CES 2012: Razer Has Won The Tablet War

By: Zach Walton - January 10, 2012

Tablets can play games, sure, but this tablet can really play games.

Razer announced during CES Project Fiona, a gaming tablet that is more akin to a gaming PC.

The device itself looks really weird at first. It’s a tablet with handles on the side featuring dual analog sticks, four face buttons and two shoulder buttons each. It’s designed to play all major current PC games without a hitch.

The actual innards are the most surprising though as there’s an Intel core i7 crammed into its tiny body. This is what makes the tablet perform like a gaming PC and I believe it. The i7 is the best processor out on the market right now and to see it performing in a tablet is mind-blowing.

Some of the best news is that it also performs like a gaming PC in that many PC games out on the market today run natively on Project Fiona. There’s no need to port and specifically program games to run on the device.

“Project Fiona’s combination of high performance Intel-based gaming hardware and innovative tablet design is specifically focused for PC gamers. It will unleash the PC gamer to play their existing and future high-end games in one of the most exciting new form factors – a tablet,” Brad Graff, Director of Partner Marketing, Netbook & Tablet Group, Intel, said.

With its dual analog stick handles, Project Fiona will run gamepad-enabled PC games right out of the box.

Along with the controllers, Project Fiona will also sport ultra-precise accelerometers and a multi-touch screen. They claim it will ensure that current-generation PC games can run on the device while also supporting any games optimized for tablets. To top it all off, the controllers on the device deliver full force feedback.

“While multi-touch screens have become the de facto user interface for tablets, they are not the right interface for serious PC gaming,” Min-Liang Tan, CEO, Razer, said. “The user interface we have designed for Project Fiona allows all existing PC games to be played right out of the box and also provides game developers new opportunities as they develop next-gen games on a highly-intuitive platform. Both developers and gamers are going to love the new user interface that combines the best of a gamepad, multi-touch screen and accelerometers for an all-new gaming experience on-the-go.”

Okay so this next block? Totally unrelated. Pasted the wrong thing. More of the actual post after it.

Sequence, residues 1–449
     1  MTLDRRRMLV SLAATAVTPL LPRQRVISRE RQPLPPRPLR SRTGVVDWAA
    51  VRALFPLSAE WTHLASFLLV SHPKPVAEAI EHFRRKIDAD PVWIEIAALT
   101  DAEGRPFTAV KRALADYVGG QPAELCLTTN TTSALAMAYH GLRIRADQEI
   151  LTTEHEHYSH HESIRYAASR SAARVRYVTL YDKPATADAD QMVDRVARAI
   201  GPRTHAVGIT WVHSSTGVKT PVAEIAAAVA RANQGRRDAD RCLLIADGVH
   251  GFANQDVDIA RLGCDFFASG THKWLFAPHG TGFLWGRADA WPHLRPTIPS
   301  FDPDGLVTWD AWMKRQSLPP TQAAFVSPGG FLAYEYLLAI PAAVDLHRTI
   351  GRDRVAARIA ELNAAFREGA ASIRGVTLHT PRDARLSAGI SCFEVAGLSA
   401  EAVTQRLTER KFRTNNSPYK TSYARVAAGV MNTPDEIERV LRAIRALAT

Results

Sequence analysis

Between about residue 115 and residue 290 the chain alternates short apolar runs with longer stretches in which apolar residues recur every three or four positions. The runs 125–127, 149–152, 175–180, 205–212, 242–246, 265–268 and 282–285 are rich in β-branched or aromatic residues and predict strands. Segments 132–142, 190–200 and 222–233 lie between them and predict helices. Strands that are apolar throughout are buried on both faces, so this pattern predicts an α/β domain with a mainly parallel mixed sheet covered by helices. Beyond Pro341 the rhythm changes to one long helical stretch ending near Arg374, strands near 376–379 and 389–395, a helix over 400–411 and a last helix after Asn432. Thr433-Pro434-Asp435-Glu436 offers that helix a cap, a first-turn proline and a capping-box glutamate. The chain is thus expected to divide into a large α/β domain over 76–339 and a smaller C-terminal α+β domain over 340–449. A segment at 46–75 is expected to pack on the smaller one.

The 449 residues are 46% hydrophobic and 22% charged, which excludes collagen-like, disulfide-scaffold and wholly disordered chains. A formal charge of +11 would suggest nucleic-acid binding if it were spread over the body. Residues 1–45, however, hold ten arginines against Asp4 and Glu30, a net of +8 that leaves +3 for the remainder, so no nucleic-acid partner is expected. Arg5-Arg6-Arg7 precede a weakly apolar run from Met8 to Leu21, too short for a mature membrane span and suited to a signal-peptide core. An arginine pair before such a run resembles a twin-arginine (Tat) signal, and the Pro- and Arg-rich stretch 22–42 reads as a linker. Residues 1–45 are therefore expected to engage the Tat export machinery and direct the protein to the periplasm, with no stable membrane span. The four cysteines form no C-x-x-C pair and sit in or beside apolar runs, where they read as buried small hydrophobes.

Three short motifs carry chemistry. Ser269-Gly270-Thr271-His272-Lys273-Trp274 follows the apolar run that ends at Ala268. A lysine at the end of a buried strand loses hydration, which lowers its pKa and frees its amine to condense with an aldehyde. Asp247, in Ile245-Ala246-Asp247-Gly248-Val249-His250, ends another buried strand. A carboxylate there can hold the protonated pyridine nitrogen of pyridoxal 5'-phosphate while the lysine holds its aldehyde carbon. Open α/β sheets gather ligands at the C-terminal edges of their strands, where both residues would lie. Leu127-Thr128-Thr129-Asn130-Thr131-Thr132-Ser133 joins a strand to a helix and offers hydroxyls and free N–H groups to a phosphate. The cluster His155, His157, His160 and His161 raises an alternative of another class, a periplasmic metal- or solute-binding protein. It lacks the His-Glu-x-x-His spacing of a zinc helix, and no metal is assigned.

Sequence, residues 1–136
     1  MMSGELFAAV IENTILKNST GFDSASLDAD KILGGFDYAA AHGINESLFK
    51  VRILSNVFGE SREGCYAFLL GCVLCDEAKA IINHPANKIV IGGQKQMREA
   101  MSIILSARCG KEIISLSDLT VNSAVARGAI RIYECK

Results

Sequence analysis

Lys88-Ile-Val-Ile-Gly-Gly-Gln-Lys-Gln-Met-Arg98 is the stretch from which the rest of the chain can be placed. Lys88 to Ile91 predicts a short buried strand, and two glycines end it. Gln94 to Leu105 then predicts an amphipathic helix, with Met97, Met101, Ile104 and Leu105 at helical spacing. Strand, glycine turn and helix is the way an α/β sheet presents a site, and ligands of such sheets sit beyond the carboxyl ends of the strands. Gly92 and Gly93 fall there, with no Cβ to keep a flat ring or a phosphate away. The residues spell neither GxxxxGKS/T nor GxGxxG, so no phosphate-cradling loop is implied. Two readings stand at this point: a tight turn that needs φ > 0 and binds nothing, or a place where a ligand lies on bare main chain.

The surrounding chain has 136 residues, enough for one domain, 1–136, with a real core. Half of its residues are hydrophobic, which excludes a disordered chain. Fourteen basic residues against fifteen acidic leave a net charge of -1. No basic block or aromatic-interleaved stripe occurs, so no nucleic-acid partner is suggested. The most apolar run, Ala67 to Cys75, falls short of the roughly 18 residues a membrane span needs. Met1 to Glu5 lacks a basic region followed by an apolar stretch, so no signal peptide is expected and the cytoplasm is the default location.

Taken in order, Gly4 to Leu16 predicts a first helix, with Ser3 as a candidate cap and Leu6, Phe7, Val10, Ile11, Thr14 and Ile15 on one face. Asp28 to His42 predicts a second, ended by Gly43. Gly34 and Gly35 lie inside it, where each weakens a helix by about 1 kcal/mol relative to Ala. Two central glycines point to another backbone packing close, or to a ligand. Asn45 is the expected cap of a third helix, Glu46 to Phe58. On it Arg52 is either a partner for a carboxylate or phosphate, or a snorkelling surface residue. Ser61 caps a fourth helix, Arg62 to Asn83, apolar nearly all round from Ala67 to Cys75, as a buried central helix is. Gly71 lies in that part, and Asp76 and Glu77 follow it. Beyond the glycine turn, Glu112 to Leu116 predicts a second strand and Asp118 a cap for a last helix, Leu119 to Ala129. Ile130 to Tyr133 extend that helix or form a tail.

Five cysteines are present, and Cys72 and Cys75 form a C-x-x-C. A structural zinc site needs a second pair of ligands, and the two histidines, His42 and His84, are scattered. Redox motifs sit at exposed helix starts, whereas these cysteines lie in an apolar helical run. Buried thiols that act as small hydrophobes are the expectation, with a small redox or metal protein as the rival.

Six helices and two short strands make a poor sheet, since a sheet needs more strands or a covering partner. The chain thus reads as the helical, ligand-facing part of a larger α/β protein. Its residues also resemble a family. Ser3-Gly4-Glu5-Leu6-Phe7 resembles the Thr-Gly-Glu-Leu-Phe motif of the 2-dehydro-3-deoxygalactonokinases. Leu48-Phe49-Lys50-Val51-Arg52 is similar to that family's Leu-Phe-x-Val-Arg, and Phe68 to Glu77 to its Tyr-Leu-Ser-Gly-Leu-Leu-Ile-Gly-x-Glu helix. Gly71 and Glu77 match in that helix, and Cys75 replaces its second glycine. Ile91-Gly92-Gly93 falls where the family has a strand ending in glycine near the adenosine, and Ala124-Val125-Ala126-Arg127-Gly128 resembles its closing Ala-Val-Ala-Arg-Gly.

Now, I know what you’re thinking. This kind of device is far off into the future and will cost a fortune once it is released. You would be right on both counts but only partially. Razer is shooting for a Q4 2012 release with the cost hopefully being below $1,000. While it obviously costs more than any current tablet PC out on the market, Project Fiona isn’t like any tablet PC out on the market.

As soon as they can be pre-ordered, you can bet I’m going to be in line. Are you? Tell us in the comments.

About the Author

Zach WaltonZach Walton is a Writer for WebProNews. He specializes in gaming and technology. Follow him on Twitter, StumbleUpon, Pinterest, and Google+ +Zach Walton

View all posts by Zach Walton
  • http://reflectiongamer.com Cameron

    While the guts are, indeed, very impressive, that thing is painful to look at. You get enough weird glances walking around with an iPad, can you imagine the stares you’d get with that thing in your hand? And if it’s not meant for walking around, but for home use, why don’t I just use my desktop? I agree that touch screens are hardly fit for gaming, but, to me, the more practical version of this thing would be just the tablet with those insanely fast guts bundled with a blue tooth controller that you don’t have to carry around with you every where you go. Still, though, the chances of me wanting to bring out a controller in public are slim to none, and I’d just sooner play on my desktop if I was in my own house.

    • Zach Walton

      It’s true. It’s not very appealing aesthetically, but just the idea of so much power in my hands makes me want it. I’m willing to sacrifice the aesthetic appeal for portable power. The GameBoy was pretty ugly aesthetically. That didn’t stop it from being one of the most successful portable gaming products ever.

      • http://reflectiongamer.com Cameron

        The Gameboy had a market though. Who are they selling this to? People who want to play games on the go? It’s not portable enough for that. People who want to play games at home? They already have a desktop. I’m just not sure what it’s for besides a proof of concept.

        • Zach Walton

          I personally think it’s portable enough for gaming on the go. Maybe not on my morning bus ride, but I think it would be just like any other tablet. Besides, the design isn’t final yet. They may find some way to make the handlebars more efficient. Who knows? I just like the idea of that much power in a tablet and I still stand by my conviction that I’m going to be first in line for one.